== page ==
Language Selection

English French German Italian Portuguese Spanish

VoIP on a bike

Filed under
Sci/Tech

A bicycle-powered, Linux-based VoIP system: not your usual high-tech architecture. But what if you were one of the more than 1 billion people living without electricity? No power, no phone.

The mission of Inveneo, a nonprofit group of inveterate high-tech adventurers, is to bring developing communities that never reached a 20th century level of infrastructure into the 21st century. Its bicycle-powered system brings not just VoIP but also e-mail and Web browsing to remote areas, using a combination of Linux and the Asterisk open source PBX.

Inveneo puts everything together with off-the-shelf hardware that is low-cost, easily replaced, and — it is hoped — easy to troubleshoot and fix. It uses Wi-Fi networking to route traffic to a central hub with existing phone infrastructure, with a range as far as 100 miles.

The bicycle, mostly used as a backup to solar power, gives the rider one hour on the phone for every 15 minutes of work. In a village, a user might trade pedaling time for phone time — or get paid by someone who wants to use the phone but doesn’t want to work so hard.

When, at a meeting with Inveneo, I suggested that instead of spending hundreds of millions of dollars to hit a comet 83 million miles away, the U.S. government should support efforts such as Inveneo’s here on Earth, developer Michael Meisel took umbrage. He pointed out that if we didn’t pay for high-tech research none of the equipment Inveneo is using would exist.

Instead, according to Inveneo CEO Mark Summer, the goal is to get NGOs (nongovernmental organizations) such as ActionAid interested. Inveneo might have an impact on 10 villages, but ActionAid can fund and deploy communications systems to thousands of villages. In addition, Inveneo is working with Cisco to bring what it calls ICT (infrastructure and communications technology) to a half-million schools in Africa.

By connecting remote areas of the world, Inveneo’s efforts will help to improve the health, education, and business opportunities of millions of people. For companies such as Cisco, that’s a smart investment; because when these 1 billion to 2 billion people become connected, they will in short order become consumers.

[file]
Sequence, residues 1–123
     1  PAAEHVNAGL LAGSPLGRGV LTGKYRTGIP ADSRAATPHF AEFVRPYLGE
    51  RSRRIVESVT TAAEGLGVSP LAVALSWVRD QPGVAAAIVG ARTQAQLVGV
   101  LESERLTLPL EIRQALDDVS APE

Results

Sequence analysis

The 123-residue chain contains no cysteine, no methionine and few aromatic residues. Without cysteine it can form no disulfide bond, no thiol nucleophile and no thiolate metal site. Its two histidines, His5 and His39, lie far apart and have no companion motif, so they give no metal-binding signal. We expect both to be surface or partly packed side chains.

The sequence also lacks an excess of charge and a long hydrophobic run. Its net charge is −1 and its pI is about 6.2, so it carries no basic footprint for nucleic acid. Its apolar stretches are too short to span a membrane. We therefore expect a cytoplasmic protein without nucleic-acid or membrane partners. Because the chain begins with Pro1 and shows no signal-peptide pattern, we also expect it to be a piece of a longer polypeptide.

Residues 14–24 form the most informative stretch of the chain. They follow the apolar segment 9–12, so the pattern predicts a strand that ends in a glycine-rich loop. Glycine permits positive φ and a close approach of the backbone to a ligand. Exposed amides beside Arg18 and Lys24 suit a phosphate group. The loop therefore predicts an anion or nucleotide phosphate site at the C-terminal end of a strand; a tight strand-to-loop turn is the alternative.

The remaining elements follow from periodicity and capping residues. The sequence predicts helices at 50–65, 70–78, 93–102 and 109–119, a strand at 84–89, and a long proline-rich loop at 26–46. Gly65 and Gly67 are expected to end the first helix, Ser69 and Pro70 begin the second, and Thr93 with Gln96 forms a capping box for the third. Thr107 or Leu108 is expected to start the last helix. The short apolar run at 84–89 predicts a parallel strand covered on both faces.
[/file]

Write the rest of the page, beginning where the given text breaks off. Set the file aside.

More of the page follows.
It is estimated that in 10 years, the combined populations of what we call developing nations will make up 70 percent of the consumers in the world. It wouldn’t be a bad idea if those consumers were familiar with your products and services.

If you are interested in what Inveneo is doing, I suggest you look around its site. I’m sure it will be worth your while in the not-too-distant future.

Source.

More in Tux Machines

Microsoft Hates Linux: Got Caught, Pretended Just an Accident

Early Look at Ubuntu 17.04

  • Trying Out Unity 8 + Mir On Ubuntu 17.04
    With Ubuntu 17.04, Unity 7 with the X.Org Server remains the default desktop environment, but Unity 8 and Mir can be found on the default ISO and it's just a matter of logging out and into the experimental Unity 8 session. It's really easy to try out for those interested. For my tests today I was using an Intel Xeon box with a Radeon RX 470 graphics card atop Ubuntu 17.04's default Mesa packages and kernel. Overall it was an interesting experience and while a lot of bugs remain, the Unity 8 experience was much better than the last time I tried it a few months ago and is almost up to being usable for a daily Linux desktop.
  • The Ubuntu 17.04 Beta Is Now Available to Download
  • They’re Here: Ubuntu 17.04 Beta 2 Flavours Available to Download
  • Ubuntu Linux 17.04 'Zesty Zapus' Final Beta now available for download in multiple DE flavors
    When someone is interested in trying a Linux-based desktop operating system for the first time, they often choose Ubuntu. This is a smart choice, as it is easy to use, well supported, and quite beautiful. Even if you don't like the Unity desktop environment, there are several other DEs, or flavors, from which to choose -- GNOME, KDE, and Xfce to name a few. Today, the Final Beta of Ubuntu 17.04 'Zesty Zapus' becomes available for download. While it is never a good idea to run pre-release software on production machines, Canonical is claiming that it should be largely bug free at this point. In other words, if you understand the risks, it should be fairly safe. Home users aside, this is a good opportunity for administrators to conduct testing prior to the official release next month.

Games for GNU/Linux and CrossOver

San Francisco Open Source Voting System Project Continues On

At the February 15 Elections Commission meeting, the Elections Commission voted unanimously to ask the Mayor's Office to allocate $4 million towards initial development of the open source voting project for the 2018-19 fiscal year (from Aug. 2018 - July 2019). This would go towards initial development once the planning phase is complete. Read more